Germany defied forecasts of a second quarterly contraction in a row in July-September with inching economic growth, official data showed Thursday, narrowly escaping a recession but with no all-clear for its trade war-battered industries.

Gross domestic product (GDP) expanded 0.1 percent quarter-on-quarter, federal statistics authority Destatis said, beating forecasts of a 0.1 percent contraction from analysts surveyed by Factset.

The statisticians also revised figures for the first half of the year, saying the economy shrank by 0.2 percent in April-June, rather than 0.1 percent as previously reported, and grew 0.5 percent in the first quarter, 0.1 percentage points faster than thought.

As in previous quarters, "positive impulses came above all from consumption" by households and the state, Destatis said in a statement.

Exports and construction also expanded, while investments in new equipment fell compared with April-June.

Third-quarter growth was "a hefty, but happy surprise," analyst Jens-Oliver Niklasch of LBBW bank commented.

"In recent months, there were growing hints that other economic sectors were not infected by weakness in industry."

Manufacturing has stuttered in recent months, with a 1.3-percent September drop in output contributing to that month's 0.6-percent overall fall in industrial production.

German industry, which is mainly oriented towards exports, has suffered months of headwinds from the US-China trade war, President Donald Trump's threat of US duties on European car imports and Brexit uncertainty.

The German government is expecting just 0.5 percent growth this year and last month revised down its projections for 2020 to a 1.0 percent expansion, compared with previous forecasts of 1.5 percent.

Industry's stumbles and fears of recession have revived debate in Germany about whether the government should stick to a self-imposed rule to keep the budget balanced -- a dogma known as the "black zero".

The zero deficit rule is not legally binding -- unlike the "debt brake" which allows for a federal budget deficit of up to 0.35 percent of GDP.

A group of expert economists known as the "Wise Men" earlier this month advised German Chancellor Angela Merkel's government to loosen this tough no-new-debt policy "in case of a broad, deep recession".

But they concluded that Germany was not yet in a situation where relaxing the policy would be justified.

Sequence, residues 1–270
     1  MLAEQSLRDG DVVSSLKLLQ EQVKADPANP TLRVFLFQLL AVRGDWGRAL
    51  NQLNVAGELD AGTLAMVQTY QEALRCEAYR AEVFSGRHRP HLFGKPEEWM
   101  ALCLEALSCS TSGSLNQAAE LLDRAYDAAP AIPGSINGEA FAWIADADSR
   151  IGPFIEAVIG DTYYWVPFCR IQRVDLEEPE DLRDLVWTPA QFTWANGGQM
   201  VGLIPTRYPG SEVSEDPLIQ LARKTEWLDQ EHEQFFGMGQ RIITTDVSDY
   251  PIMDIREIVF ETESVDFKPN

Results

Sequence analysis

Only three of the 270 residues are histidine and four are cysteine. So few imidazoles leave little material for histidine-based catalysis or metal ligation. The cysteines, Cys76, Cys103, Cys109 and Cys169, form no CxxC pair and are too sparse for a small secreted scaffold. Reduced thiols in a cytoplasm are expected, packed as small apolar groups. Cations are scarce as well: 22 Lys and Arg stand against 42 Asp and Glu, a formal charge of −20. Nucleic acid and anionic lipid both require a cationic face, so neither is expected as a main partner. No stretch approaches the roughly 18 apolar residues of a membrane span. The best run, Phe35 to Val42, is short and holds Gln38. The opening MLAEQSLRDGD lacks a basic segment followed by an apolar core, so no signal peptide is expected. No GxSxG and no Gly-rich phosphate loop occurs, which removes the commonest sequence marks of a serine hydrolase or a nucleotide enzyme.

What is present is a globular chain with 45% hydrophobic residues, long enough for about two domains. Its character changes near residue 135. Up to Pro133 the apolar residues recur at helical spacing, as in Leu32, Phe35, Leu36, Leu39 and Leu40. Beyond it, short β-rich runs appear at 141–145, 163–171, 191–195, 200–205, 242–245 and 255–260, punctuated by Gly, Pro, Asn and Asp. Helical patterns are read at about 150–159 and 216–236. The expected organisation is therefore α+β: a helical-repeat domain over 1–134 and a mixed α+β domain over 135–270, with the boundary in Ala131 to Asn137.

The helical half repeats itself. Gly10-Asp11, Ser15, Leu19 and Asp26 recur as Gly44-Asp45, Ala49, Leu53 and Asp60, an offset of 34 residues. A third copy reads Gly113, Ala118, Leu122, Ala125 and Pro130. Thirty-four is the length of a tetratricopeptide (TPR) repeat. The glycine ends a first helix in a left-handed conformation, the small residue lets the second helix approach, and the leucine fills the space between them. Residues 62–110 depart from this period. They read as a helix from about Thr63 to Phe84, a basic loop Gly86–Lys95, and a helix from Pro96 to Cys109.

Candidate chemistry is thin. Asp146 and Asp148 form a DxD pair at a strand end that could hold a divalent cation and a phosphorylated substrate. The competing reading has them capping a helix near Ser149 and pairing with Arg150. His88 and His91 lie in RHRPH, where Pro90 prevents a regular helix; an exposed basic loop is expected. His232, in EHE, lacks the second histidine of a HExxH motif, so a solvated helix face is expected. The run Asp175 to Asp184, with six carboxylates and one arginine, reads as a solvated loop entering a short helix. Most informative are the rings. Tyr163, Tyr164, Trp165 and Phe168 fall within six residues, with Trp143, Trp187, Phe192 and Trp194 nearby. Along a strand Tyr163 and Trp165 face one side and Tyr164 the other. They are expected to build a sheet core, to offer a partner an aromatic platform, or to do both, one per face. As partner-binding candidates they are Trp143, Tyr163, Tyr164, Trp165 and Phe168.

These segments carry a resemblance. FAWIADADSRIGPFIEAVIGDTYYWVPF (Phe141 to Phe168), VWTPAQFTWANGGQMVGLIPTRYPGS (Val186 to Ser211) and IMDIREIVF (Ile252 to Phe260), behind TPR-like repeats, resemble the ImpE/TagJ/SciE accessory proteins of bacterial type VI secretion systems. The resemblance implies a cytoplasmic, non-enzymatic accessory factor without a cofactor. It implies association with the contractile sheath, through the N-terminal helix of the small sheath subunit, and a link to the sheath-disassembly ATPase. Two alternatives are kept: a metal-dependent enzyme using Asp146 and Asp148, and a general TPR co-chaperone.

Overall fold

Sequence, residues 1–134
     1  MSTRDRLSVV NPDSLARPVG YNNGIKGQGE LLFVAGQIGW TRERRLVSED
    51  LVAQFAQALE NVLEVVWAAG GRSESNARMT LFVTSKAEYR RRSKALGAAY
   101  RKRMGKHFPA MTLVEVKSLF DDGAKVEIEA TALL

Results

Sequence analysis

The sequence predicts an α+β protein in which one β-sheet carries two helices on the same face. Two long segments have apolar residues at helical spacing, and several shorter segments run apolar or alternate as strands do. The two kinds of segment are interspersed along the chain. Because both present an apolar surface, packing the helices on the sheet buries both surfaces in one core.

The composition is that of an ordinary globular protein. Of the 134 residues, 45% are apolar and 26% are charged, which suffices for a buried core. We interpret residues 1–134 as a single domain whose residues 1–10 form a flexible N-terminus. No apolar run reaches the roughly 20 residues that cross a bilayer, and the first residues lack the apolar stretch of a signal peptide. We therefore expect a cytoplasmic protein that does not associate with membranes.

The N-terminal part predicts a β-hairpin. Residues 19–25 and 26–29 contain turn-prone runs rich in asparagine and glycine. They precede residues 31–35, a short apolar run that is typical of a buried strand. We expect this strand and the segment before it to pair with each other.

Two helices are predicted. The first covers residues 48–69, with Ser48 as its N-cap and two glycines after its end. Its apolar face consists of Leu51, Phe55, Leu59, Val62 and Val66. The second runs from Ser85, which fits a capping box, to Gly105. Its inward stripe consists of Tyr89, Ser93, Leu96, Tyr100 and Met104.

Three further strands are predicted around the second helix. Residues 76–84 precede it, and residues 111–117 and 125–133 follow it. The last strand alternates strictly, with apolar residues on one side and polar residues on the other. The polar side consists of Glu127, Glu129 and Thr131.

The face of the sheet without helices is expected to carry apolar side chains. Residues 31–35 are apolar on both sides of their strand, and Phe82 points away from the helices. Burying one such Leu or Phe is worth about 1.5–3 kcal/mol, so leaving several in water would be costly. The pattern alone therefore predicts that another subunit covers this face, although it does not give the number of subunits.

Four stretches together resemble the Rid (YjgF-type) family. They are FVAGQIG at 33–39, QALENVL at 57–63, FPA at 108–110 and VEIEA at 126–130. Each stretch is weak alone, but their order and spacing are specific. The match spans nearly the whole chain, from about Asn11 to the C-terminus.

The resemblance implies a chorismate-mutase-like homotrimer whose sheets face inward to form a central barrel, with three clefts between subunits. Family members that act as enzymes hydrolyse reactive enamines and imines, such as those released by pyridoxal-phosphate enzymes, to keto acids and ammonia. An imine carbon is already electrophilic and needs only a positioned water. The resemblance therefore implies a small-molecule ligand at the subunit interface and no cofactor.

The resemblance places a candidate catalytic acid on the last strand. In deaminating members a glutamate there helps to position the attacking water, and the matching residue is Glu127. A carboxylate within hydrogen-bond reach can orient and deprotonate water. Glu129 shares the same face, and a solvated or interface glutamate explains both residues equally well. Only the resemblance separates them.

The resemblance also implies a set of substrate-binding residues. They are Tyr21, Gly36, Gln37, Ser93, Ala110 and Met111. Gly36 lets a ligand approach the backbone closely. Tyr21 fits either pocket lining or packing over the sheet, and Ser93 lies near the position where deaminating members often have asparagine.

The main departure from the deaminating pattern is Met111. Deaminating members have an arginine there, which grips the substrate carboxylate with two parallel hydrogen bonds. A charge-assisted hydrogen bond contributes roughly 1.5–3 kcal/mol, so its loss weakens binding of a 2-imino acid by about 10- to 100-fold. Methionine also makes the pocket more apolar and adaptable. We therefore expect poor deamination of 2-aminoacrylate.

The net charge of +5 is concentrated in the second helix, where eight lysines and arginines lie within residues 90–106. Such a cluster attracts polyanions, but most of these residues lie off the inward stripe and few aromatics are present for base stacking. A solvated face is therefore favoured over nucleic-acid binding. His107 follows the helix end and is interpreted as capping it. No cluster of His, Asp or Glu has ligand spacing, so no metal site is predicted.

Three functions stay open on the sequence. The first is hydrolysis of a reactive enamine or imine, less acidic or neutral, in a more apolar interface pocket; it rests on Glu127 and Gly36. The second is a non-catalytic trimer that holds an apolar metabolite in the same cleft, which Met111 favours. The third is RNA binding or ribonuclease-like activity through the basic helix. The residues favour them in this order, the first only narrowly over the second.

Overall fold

Attention! Has growth been 'decanted' out of the German economy?
Attention! Has growth been 'decanted' out of the German economy? AFP / INA FASSBENDER

The Federation of German Industry said the report was "a wake-up-call to politicians to boost growth".

Merkel has so far ignored the growing calls.

Addressing the economic experts, she said: "You say clearly that a balanced budget and plenty of investment are important, if I understand rightly".

During the G7 summit in August, Merkel said Germany "cannot live sustainably beyond our means" and must be able to finance state pensions for an ageing population.

Looking ahead, surveys of business confidence remain weak despite hints of cooling in the US-China trade war.

"With policymakers unlikely to loosen fiscal policy significantly, we think a mild recession is more likely than not in the coming year," Andrew Kenningham of Capital Economics said.

Germany's European partners and international financial institutions are joining in the calls for Berlin to do more to boost its economy.

French President Emmanuel Macron last week called on Germany to "re-pivot" its budgetary policy to boost European growth.

The European Central Bank's new president Christine Lagarde on October 30 also sent a strong message.

She said that "countries with chronic budget surpluses like the Netherlands and Germany" need to increase spending to redress "imbalances" in the eurozone.

But even easing budgetary policy may not be enough.

A report by Berenberg bank in September said lengthy bureaucracy, under-staffed local governments and slow legal procedures meant that a rapid mobilisation of financial resources would be "difficult".

That may leave domestic consumption holding out as the last remaining buttress of German output.

The "Wise Men" in their report argued that higher salaries and favourable loan conditions in recent years were helping to boost demand.

They argued this in turn could "stimulate growth" in the future through more investment in construction and higher household consumption.